Will St. Johns signal a season-long trend again?


Andy Crawford

PALATKA, Fla. – Last year’s Bassmaster Elite Series season-opener on the St. Johns River foreshadowed a season-long trend for several anglers. None more so than eventual Toyota Bassmaster Angler of the Year Scott Canterbury.

Canterbury can remember the moment as if it happened yesterday. As the National Anthem was played prior to the Day 2 takeoff, Canterbury had two rods strapped on his boat deck with lipless crankbaits tied on in expectations of going back to a shell-bed pattern that had produced in practice but left him in 55th-place with 10 pounds, 3 ounces after Day 1. That’s when he made a decision to switch gears and go flipping lily pads.

“Instead of fishing practice, I was fishing the moment,” Canterbury recalled. “I had several moments like that throughout the year.”

The change in tactics produced a 25-pound, 12-ounce five-bass limit on Day 2 that rocketed him into 17th place. The next day he weighed 30-4 and moved into 7th place. The Odenville, Ala., angler finished 9th in the first stage of his AOY season.

On the eve of the 2020 Elite Series opener at the St. Johns River, Canterbury was one of the few optimists found in the 88-man field at the anglers meeting Wednesday evening. The four-day AFTCO Bassmaster Elite begins Thursday at this storied bass fishery that appears to be in less-than-prime shape. High water levels had reduced the vegetation in the river last year, and have continued to do so this year.

“It’s a lot different,” Canterbury said. “But I think the weights will be a lot better than what everybody is saying. I don’t think it will be that way all the way down the standings, like it was last year. But some guys are going to catch ‘em.”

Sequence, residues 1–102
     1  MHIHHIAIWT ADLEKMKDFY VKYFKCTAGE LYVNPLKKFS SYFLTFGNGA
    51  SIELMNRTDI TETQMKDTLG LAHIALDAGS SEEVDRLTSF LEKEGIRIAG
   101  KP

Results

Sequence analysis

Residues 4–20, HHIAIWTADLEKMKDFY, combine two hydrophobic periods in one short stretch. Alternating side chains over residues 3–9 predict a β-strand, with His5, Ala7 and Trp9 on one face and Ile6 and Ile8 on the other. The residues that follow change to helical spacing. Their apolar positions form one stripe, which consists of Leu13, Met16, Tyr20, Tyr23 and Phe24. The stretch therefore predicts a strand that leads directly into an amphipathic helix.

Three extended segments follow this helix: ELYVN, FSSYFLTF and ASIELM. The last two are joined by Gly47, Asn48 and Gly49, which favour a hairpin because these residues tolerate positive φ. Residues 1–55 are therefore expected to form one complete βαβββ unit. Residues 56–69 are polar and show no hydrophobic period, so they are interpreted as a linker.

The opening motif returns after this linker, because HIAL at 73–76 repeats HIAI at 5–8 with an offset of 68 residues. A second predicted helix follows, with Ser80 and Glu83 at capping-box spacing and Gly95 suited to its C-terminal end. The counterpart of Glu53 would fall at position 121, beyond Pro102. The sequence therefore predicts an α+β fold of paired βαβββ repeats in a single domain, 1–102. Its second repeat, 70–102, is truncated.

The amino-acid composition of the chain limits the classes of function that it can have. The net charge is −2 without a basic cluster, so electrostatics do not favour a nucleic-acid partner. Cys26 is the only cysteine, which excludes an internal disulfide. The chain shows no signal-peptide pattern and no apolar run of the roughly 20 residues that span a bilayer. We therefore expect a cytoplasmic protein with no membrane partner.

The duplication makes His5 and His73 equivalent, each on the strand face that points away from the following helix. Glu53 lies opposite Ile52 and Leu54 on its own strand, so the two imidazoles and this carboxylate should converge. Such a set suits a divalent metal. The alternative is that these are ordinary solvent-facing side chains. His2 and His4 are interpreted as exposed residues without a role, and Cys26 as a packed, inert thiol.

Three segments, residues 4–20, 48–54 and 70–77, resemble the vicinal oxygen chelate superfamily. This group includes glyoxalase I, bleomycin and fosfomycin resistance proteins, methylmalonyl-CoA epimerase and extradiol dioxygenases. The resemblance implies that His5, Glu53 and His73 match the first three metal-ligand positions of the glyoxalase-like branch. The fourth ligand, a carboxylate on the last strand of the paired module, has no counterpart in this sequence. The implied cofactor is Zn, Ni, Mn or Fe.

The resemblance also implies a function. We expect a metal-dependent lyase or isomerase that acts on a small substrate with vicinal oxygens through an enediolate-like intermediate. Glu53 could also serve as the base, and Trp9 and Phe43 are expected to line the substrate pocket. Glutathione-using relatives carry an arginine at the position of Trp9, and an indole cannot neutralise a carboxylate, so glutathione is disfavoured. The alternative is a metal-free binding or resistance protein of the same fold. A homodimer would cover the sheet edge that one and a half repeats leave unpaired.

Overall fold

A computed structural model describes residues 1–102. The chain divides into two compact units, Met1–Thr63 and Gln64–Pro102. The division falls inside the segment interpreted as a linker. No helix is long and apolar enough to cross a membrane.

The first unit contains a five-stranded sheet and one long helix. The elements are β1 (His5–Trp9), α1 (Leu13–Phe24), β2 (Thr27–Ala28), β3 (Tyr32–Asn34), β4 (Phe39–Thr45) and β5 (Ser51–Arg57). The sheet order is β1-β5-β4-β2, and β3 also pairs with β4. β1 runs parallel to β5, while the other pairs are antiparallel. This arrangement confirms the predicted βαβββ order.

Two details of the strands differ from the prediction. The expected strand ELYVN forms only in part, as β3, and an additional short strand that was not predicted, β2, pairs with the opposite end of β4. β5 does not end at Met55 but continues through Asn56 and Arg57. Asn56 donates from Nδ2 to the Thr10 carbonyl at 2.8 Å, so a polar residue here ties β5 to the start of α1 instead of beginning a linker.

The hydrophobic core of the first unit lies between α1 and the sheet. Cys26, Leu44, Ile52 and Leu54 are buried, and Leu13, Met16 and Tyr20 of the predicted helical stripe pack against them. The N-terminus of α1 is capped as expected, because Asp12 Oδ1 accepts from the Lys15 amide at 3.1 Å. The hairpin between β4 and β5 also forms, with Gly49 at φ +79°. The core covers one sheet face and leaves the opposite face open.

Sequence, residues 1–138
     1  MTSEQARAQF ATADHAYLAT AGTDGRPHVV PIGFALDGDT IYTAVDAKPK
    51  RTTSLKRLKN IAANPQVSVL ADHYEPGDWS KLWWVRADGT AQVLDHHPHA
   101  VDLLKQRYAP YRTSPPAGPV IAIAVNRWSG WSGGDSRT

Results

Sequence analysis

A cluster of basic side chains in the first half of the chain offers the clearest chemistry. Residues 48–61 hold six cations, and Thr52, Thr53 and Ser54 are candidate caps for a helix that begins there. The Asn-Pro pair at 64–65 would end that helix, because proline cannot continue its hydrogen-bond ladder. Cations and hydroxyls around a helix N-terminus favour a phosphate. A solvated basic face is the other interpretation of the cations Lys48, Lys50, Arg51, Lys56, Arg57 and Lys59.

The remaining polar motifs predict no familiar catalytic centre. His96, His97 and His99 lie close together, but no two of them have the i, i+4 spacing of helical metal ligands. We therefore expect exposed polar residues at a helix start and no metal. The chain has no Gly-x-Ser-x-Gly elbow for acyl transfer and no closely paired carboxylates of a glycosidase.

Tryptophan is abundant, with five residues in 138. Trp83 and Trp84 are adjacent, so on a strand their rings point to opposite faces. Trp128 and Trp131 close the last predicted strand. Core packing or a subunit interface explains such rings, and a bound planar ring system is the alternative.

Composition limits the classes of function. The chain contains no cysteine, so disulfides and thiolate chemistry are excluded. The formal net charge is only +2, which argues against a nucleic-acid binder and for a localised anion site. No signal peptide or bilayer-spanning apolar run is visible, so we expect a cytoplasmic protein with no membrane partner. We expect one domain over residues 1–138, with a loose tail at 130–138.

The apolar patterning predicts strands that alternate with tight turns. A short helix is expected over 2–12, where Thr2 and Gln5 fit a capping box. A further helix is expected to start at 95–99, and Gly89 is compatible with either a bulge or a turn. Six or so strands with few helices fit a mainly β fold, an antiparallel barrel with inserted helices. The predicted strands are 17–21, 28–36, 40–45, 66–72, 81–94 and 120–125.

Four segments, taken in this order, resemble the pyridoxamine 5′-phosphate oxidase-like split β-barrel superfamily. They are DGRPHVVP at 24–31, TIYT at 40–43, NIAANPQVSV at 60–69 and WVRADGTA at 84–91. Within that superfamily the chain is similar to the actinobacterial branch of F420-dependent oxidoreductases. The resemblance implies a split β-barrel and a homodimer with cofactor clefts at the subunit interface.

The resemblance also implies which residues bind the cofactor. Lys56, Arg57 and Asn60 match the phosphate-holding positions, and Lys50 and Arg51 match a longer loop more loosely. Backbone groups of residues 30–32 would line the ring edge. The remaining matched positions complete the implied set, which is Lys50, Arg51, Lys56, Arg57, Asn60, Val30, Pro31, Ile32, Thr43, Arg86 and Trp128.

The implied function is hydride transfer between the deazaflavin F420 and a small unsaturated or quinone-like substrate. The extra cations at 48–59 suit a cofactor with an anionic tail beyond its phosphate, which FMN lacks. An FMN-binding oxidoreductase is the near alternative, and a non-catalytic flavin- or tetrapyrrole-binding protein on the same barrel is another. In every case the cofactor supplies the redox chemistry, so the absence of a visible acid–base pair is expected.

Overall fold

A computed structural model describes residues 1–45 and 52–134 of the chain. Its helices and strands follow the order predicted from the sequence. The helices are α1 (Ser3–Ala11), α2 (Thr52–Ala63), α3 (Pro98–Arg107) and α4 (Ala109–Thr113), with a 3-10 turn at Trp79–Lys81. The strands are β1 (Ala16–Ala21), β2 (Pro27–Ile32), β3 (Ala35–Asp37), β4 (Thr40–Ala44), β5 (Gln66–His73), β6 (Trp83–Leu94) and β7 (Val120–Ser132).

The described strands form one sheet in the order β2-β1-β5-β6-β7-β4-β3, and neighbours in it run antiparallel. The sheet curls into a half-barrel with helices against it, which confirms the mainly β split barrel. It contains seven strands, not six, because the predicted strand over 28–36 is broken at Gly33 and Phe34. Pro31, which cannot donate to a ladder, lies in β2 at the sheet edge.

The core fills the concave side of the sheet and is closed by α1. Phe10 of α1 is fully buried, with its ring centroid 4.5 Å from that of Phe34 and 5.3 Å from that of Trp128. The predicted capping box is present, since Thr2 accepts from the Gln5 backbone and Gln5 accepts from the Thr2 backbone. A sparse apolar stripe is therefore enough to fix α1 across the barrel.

There is a full moon coming over the weekend. The low-temperature Wednesday night was predicted to be a warm 60 degrees with a high Thursday of 81 before a cold front arrives Friday. A wave of spawning bass is expected over the next day or two.

Florida native and BASS veteran Bernie Schultz agreed with Canterbury, saying, “I think there will be a wave of fish come in. The guys that are in the right spots when they come, they’re going to catch a lot of fish and big weight.

“But there will be a lot of guys that aren’t going to catch hardly anything. It’s not as easy as it was last year.”

Another factor making the case for a haves-and-have-nots scenario is high wind predicted to blow from the south on Thursday.

“A hard south wind with a falling tide will drain this place,” said Schultz of the northerly-flowing St. Johns River. “The water will drop significantly all the way down at Lake George. Those fish that were in three feet of water are going to be in 1 ½ and 2 feet of water, and they’ll be spooky.”

The wind will make some areas unfishable, further eliminating what already appears to be a lack of productive areas.

“It could be like last year in some areas,” Schultz said. “There won’t be as many areas, but there will be some that really get right.”

BASS legend Rick Clunn has won the last two Elite Series events here. He did it last year with a four-day total of 98-14. In the four previous Elite Series events on the St. Johns River, the winning weights have been 81-15 in 2016, 90-13 in 2014, 75-9 in 2012 and 77-1 in 2011. Most predictions are for a winning total in the 70- to 80-pound range this year.

Beginning with Thursday’s 7:15 a.m. Eastern Time takeoff at the Palatka City Dock and Boat Ramp, we’ll begin to see who makes the first of many in-the-moment decisions on the St. Johns River – a moment that keys an Angler of the Year run, like Canterbury enjoyed a year ago.

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